Will the economy get worse? Before you do, consider raising your credit limit.

Relying on a credit limit in a shaky economy is like expecting a flimsy bridge to weather the storm and keep you alive.

It is not uncommon for credit card issuers to reduce their risk by lowering credit limits or closing accounts during economic downturns. Credit card issuers took these steps during the 2007-09 recession and the start of the Covid-19 pandemic, according to a 2022 report by the Consumer Financial Protection Bureau, possibly due to changes in credit profiles, internal account performance metrics or issuers. Risk management policies.

As an uncertain alternative, the credit limit is still a bridge that should be maintained to support an emergency fund, especially before the collapse. There’s no foolproof strategy to prevent an issuer from lowering credit limits or closing your account, but some actions can minimize the impact on your wallet and credit scores.

Keep credit cards open and active

In the year In March and June 2020, many accounts held by cardholders, even those with high credit scores, were closed due to inactivity, according to a CFPB special issue published that year. Inactive cards aren’t making the issuer cash, so they pose more risk to the issuer in tough times.

Keeping credit cards open and charging regularly scheduled purchases is helpful to give vendors a reason to tap your account, but that may not be enough.

For Timothy Barnes, an auto mechanic in Rocky Mount, North Carolina, it doesn’t matter if he still has a good number of active accounts at the end of 2020. A major issuer closed several accounts due to over $17,000 in credit.

“There was one day I bought something online and the credit card was declined,” Barnes says. “They told me it was an accident, but I never missed a single payment.”

In the past, some lenders did not offer credit limit reductions to cardholders. In May 2022, the CFPB’s advisory opinion on the Equal Credit Opportunity Act confirmed that lenders must provide a “reverse action notice” explaining the reasons for unfavorable decisions.

See also: ‘Forget about chasing rewards and look for the lowest possible interest rate’: Credit card rates at highest level not seen since 1996

Consider asking for a credit limit increase

If you’re paying on time and don’t use more than 30% of your available credit, consider applying for a higher credit limit on recurring credit cards. Income is another factor considered by issuers for increasing credit limits, said Derek Mazzarella, a certified financial planner at Glastonbury, Connecticut-based firm Gateway Financial Partners.

“If your income has gone up since the last time you applied for the credit card, or if you haven’t updated that, I make sure your income is properly updated,” Mazzarella says.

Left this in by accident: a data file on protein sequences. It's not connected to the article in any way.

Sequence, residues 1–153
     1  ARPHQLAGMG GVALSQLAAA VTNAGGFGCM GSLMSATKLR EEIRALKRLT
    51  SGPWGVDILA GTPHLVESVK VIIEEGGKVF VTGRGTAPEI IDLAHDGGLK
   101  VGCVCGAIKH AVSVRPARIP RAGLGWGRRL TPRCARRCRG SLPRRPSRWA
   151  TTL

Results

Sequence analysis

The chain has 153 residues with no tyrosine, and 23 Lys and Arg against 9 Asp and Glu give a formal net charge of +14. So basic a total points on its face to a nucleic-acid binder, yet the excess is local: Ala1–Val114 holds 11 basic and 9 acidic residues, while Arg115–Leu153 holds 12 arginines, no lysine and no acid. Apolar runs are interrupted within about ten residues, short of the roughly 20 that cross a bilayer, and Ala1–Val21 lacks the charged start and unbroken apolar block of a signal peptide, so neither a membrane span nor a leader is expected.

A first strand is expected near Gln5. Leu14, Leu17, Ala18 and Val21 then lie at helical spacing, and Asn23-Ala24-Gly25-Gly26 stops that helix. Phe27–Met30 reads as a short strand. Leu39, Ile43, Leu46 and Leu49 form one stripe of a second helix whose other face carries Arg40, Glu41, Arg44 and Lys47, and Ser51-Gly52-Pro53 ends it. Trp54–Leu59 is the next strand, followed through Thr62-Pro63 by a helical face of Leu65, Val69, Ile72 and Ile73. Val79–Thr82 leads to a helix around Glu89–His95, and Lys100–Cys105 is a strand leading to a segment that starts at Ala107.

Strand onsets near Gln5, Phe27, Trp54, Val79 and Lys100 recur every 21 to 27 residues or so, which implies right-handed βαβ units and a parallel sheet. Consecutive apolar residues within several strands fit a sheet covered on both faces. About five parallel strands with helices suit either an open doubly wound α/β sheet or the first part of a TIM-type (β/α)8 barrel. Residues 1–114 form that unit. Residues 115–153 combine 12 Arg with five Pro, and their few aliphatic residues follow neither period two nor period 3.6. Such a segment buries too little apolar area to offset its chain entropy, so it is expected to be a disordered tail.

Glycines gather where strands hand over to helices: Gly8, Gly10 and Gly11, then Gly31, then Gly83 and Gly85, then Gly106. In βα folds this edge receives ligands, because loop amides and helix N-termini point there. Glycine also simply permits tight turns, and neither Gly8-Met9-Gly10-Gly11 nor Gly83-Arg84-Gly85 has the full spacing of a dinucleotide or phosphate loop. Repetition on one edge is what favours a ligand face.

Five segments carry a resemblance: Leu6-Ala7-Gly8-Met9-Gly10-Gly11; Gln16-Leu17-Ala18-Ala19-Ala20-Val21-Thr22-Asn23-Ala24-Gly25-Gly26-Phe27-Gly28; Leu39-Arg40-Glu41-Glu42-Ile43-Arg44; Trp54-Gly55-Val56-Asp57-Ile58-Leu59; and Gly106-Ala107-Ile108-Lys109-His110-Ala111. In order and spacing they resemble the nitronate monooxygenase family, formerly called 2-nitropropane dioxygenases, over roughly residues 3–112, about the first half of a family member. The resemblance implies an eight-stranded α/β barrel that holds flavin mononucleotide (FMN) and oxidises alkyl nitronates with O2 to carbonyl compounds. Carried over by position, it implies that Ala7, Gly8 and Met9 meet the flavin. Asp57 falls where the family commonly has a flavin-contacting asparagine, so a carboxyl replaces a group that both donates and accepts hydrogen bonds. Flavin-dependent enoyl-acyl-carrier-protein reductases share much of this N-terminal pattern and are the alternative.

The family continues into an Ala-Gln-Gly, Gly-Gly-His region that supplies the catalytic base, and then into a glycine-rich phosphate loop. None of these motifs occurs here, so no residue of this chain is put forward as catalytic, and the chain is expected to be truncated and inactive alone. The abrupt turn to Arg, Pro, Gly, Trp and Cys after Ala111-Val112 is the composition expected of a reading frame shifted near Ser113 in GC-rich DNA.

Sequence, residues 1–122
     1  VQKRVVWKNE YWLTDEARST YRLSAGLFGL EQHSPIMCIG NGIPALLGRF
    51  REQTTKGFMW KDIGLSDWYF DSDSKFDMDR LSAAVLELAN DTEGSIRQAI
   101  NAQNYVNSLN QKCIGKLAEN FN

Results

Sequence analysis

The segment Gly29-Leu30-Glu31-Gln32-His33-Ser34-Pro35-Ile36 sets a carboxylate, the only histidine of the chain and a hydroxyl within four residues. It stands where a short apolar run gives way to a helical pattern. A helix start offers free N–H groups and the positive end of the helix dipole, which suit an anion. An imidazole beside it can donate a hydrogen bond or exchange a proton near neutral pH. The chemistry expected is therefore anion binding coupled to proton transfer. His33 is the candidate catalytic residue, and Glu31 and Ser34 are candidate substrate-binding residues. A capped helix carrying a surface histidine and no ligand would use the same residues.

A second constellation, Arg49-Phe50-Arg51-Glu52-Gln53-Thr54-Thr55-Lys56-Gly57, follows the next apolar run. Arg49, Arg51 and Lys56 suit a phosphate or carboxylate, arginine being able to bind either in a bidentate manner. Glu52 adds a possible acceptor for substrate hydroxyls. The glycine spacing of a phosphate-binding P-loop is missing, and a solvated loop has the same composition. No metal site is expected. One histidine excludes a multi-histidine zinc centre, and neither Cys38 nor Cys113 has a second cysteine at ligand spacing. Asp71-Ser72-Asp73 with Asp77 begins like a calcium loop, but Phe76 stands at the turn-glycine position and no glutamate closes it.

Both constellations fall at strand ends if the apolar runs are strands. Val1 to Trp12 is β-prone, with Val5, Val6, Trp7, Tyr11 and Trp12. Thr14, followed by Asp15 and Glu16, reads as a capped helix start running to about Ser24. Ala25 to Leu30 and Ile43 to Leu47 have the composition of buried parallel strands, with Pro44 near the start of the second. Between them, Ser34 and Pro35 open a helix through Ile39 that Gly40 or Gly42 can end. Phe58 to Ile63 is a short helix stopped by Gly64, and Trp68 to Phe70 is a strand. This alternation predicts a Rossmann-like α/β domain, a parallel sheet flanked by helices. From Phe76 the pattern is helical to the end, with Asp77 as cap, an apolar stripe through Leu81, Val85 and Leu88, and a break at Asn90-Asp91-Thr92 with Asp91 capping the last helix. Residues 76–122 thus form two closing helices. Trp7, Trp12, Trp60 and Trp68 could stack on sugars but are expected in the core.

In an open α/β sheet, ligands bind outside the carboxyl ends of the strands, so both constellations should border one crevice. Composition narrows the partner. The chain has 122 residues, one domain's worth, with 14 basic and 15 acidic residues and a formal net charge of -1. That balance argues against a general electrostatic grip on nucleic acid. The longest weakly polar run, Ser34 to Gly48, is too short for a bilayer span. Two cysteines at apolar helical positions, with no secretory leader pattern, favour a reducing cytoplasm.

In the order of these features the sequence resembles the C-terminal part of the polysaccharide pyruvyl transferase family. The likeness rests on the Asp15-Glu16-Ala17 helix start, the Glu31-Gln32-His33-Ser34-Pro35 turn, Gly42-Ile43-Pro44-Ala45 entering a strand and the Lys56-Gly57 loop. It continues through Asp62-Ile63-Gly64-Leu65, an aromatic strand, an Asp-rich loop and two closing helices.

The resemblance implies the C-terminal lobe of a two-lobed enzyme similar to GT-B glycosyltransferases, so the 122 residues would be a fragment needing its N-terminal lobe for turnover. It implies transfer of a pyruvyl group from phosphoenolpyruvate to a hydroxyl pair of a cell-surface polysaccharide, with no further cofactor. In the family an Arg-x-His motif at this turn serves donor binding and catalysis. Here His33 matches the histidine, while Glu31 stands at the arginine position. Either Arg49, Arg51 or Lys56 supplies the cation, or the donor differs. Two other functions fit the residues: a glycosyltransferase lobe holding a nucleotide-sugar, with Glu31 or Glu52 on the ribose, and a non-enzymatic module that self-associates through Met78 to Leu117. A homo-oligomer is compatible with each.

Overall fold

Some lenders allow you to update your income by logging into your account, and use that information to increase your credit limit, no questions asked. Depending on the issuer, credit scores may temporarily drop when you request a raise, so ask how credit will be affected before doing so.

One of the biggest factors in credit scores is utilization, or how much credit you have available to you compared to how much you use. Increasing your credit limit can increase your available credit and help build your credit score. The opposite is true when a credit card issuer defaults on a credit limit – results pay off. A reduction by one issuer also affects the limits of other credit cards.

Increasing your credit limit can reduce the impact of future downgrades, but it doesn’t prevent account closures, which can lead to lower scores.

“My credit changed a lot after they did that, but before that it was exceptional,” Barnes says.

Weigh the pros and cons of applying for funding in the near future to determine the best course of action.

check out: You work hard to pay off debt. Here’s the amazing secret that will keep you from going backwards when the economy slows down

Different credit limits

Barnes had multiple credit card accounts with one issuer because it was convenient. Thankfully, he had an emergency fund and a few other credit cards to weather the economic storm of 2020.

If you don’t already have one, consider building other bridges by opening a credit card at a different institution. If you tend to overspend, keep a low credit limit to control spending, says Mazzarella.

A new card application may cause a temporary drop in credit scores, but not as much as a credit limit reduction. Look for a general purpose credit card accepted by most merchants for variable expenses.

See also: 5 ways your credit cards can help you beat inflation

Manage credit limits strategically

Use your available credit wisely to keep it manageable. If possible, manage finances in the following ways.

  • Manage current credit cards responsibly before opening another.

  • Delay credit card applications by six months or more to minimize the impact on credit scores.

  • Use less than 30% of available credit.

  • Pay more than the minimum on time.

  • Have an emergency fund to avoid relying on credit cards.

  • Prepare a plan to pay off large purchases before they are added to the card account.

  • Asking credit card issuers to keep your credit limits or accounts open if you plan to take action against them.

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Melissa Lambarna writes for NerdWallet. Email: mlambarena@nerdwallet.com Twitter: @LissaLambarena.

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